Wayward Wind's Wanderings

07 October 2012 | Wayward Wind at a dock on Back Creek, Annapolis, Maryland
07 October 2012 | Wayward Wind at a dock on Back Creek, Annapolis, Maryland
01 October 2012 | Anchored in the Rhode River off the Chesapeake Bay, MD
28 September 2012 | Anchored in the Rhode River off the Chesapeake Bay, MD
26 September 2012 | Anchored in Worton Creek off the Chesapeake Bay, MD
15 September 2012 | Anchored in Worton Creek off the Chesapeake Bay, MD
12 September 2012 | Anchored in the East Fork of Langford Creek off the Chester River off the Chesapeake Bay
11 September 2012 | Anchored in the Corsica River off the Chester River off the Chesapeake Bay
10 September 2012 | Anchored in the Corsica River off the Chester River off the Chesapeake Bay
07 September 2012 | Underway in the Chesapeake Bay
04 September 2012 | Anchored up the Sassafras River off the Chesapeake Bay, MD
03 September 2012 | Underway in the Delaware Bay
02 September 2012 | Underway in the Atlantic Ocean east of Great Egg Harbor Inlet
01 September 2012 | Underway approaching New York City
31 August 2012 | Port Jefferson, Long Island, NY
30 August 2012 | Underway in Long Island Sound
29 August 2012 | Underway in Long Island Sound
27 August 2012 | Thames River, Gales Ferry, CT
23 August 2012 | Great Salt Pond, Block Island, RI
22 August 2012 | Underway on Buzzards Bay, Massachusetts

Cruising Maine July 2012 XI

19 July 2012 | Horseshoe Cove, Cape Rosier, Maine
Roland
Cruising Maine July 2012 XI Thursday, July 19, 2012 Horseshoe Cove, Cape Rosier, Maine Water temperature 61 F

We came into Horseshoe Cove yesterday and picked up a Seal Cove Boatyard mooring. At 4 PM, UPS delivered our new engine mounts to Seal Cove Boatyard and I was ready to start making the needed permanent repairs from our encounter with a lobster float. I worked on the engine for about an hour getting ready to start replacing the mounts in the morning.

When we caught the lobster float, the two starboard engine mounts sheared. This morning I connected the main halyard to the mounting foot on the front starboard corner of the engine. Cranking the winch with a moderate amount of force raised the engine enough to slip the new front engine mount into position. That went remarkably easy, so easy it worried me. Getting a fair lead to raise the back starboard corner of the engine with the main halyard was more of a challenge. I connected the halyard to the lifting eye on the back of the engine and took up the slack. With a fair amount of force on the winch handle, the back starboard corner of the engine was lifted enough to take the pressure off the old mount. The engine would have to be lifted over another inch to allow the new mount to be slid under the mounting bracket. To avoid having to lift the engine that high, I removed the mounting bracket, an easy thing to do, and then with the engine mount attached to the mounting bracket, reattached the mounting bracket to the engine.

By 10 AM the new engine mounts were installed and I was staring to work on aligning the engine. We were coming up on high tide and at high a dinghy can be taken inland on Horseshoe Cove, up two reversing falls and into a salt water lake that is inaccessible at anything other than high slack. I knew I could finish aligning the engine in a couple of hours so there was no reason not to put that job on hold and go dinghy exploring. The first reversing falls we went up already had plenty of water over the rocks but the water was swirling around and it looked like a drunk was steering the dinghy. When we got to the second reversing falls, we approached very carefully and did not like what we saw. The water wasn't deep enough yet over the rocks and it was still a waterfall. We turned around and went exploring up some of the side branches. There were some houses on the shore but they were all some distance back from the water in the trees so from the water it looked like you were going up a river through the woods. It was an attractive area with many canoes pulled on the bank.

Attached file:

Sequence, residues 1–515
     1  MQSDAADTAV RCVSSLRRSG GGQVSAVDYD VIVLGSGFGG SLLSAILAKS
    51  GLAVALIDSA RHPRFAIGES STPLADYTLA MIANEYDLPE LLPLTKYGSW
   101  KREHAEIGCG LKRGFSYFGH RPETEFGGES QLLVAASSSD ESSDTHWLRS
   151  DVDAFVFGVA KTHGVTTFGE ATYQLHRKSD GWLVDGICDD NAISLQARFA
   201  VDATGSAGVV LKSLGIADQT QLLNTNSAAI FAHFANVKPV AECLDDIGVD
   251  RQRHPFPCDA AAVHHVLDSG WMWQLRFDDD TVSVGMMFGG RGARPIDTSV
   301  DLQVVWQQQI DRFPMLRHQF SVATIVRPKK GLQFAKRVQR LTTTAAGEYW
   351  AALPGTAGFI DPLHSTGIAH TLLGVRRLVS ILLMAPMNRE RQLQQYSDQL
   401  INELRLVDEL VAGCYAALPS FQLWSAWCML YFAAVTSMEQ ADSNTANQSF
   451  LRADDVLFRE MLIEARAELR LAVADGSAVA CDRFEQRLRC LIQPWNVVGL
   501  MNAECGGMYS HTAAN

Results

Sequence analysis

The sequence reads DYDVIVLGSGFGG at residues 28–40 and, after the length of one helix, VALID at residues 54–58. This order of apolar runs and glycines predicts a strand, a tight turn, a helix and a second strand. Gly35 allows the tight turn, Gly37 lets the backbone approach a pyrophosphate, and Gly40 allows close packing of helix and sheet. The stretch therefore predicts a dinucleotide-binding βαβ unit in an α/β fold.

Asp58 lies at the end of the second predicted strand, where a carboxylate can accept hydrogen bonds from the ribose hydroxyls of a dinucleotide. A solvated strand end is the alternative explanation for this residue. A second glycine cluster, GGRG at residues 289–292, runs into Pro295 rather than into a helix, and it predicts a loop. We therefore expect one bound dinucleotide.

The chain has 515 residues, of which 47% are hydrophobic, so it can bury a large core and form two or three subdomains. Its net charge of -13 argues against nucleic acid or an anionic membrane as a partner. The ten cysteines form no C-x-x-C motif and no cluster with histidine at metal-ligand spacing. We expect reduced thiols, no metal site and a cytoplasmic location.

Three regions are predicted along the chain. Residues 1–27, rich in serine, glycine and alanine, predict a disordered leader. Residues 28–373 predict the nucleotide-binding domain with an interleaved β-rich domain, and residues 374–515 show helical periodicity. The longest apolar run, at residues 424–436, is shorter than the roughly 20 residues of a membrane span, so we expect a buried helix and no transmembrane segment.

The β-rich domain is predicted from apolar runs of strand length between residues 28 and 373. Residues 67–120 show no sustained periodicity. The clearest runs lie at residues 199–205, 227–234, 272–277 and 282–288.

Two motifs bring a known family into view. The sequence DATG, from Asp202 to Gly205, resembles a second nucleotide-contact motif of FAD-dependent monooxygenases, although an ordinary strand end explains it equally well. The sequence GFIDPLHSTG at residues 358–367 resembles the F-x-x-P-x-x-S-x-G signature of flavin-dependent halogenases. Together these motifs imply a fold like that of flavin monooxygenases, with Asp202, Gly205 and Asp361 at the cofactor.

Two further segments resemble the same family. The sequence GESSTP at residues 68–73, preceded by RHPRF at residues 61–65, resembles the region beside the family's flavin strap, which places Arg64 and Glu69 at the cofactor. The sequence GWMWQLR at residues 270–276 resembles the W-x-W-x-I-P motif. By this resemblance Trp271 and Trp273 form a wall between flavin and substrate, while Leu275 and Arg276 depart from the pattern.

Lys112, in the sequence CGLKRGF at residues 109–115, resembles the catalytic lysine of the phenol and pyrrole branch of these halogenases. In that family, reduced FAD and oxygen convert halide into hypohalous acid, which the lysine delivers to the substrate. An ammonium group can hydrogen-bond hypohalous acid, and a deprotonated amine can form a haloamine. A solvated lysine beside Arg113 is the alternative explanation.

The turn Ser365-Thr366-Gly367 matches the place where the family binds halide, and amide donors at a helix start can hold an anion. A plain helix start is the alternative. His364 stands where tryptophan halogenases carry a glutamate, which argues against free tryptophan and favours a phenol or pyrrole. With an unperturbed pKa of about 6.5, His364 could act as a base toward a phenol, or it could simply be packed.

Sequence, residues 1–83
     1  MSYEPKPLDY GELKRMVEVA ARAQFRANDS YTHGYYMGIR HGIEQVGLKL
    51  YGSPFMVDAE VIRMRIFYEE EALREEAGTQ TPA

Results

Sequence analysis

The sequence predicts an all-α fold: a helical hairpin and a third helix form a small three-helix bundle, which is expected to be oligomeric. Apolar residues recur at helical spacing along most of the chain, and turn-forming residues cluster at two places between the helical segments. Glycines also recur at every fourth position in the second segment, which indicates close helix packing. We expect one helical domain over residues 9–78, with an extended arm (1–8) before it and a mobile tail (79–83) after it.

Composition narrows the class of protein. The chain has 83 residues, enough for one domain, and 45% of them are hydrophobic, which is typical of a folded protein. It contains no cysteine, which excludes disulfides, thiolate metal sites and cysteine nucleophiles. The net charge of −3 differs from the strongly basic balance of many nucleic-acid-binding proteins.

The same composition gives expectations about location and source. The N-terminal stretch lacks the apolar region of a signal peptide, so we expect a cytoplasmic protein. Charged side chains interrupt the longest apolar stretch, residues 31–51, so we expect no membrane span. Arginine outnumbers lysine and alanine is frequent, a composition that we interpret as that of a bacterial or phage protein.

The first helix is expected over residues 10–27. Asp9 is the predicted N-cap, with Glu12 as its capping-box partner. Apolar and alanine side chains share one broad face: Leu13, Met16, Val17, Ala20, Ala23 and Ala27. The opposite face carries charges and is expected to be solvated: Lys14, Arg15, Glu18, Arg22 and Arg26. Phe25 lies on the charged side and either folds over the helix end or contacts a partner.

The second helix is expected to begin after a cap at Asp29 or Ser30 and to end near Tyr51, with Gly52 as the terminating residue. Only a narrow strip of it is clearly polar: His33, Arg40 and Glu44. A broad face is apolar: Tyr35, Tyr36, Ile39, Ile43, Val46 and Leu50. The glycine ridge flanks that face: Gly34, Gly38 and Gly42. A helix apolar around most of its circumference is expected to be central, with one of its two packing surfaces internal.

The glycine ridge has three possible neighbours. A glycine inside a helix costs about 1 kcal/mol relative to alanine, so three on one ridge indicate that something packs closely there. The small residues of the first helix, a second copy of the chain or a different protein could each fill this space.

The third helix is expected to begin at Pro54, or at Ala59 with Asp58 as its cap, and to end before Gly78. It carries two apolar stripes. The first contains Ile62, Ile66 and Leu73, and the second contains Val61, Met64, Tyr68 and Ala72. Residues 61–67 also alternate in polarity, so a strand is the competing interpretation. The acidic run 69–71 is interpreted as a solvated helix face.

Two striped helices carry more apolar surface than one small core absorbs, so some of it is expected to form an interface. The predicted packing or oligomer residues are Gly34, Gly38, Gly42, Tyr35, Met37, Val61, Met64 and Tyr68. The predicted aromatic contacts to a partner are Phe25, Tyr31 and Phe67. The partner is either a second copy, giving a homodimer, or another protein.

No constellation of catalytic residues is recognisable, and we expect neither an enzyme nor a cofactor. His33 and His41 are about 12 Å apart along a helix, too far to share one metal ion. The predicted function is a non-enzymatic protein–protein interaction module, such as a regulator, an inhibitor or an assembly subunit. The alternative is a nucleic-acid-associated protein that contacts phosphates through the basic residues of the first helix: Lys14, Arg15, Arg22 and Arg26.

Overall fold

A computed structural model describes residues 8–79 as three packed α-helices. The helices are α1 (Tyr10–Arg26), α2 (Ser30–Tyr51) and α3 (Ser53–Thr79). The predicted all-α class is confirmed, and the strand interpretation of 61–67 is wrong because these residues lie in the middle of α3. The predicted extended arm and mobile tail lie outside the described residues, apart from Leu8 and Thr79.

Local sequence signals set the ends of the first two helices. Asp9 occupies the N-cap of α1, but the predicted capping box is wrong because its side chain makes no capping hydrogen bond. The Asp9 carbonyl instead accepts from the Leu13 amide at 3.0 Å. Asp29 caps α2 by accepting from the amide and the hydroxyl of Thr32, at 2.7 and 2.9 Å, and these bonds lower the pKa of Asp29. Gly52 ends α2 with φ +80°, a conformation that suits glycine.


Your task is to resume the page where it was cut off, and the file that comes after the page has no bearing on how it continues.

After killing some time, we went back to second reversing falls. By now the tide had come in some more and there was sufficient water over the rocks for us to go up the falls. We circled around the salt water lake and then headed back to the boat.

After a couple of hours fussing around the engine was aligned, the tools put away and the boat tidied up. In a few weeks my hands will be clean again and the broken fingernails trimmed away.
Comments
Vessel Name: Wayward Wind
Vessel Make/Model: Pacific Seacraft 37
Hailing Port: Quintana, TX
Crew: Captain Roland, Admiral Patti & Kalko the Sailing Cat
Wayward Wind's Photos - (Main)
Photos 1 to 5 of 5
1
Home for Sail
Keel Cooler
Before the Massacre
Keel Cooler Installed
 
1
26 Photos
Created 23 June 2010
24 Photos
Created 10 January 2010
5 Photos
Created 29 January 2009
38 Photos
Created 1 September 2008
18 Photos
Created 1 September 2008
71 Photos
Created 23 July 2008
45 Photos
Created 30 March 2008
26 Photos
Created 4 March 2008
20 Photos
Created 17 February 2008
25 Photos
Created 19 November 2007
16 Photos
Created 11 October 2007
13 Photos
Created 9 September 2007
19 Photos
Created 9 September 2007
59 Photos
Created 26 July 2007
27 Photos
Created 17 July 2007
Pictures from May & June
40 Photos
Created 24 June 2007
We bought our PS37 in 2004 and have been making additions and modifications to get her ready to be our full time cruising home.
4 Photos
Created 15 April 2007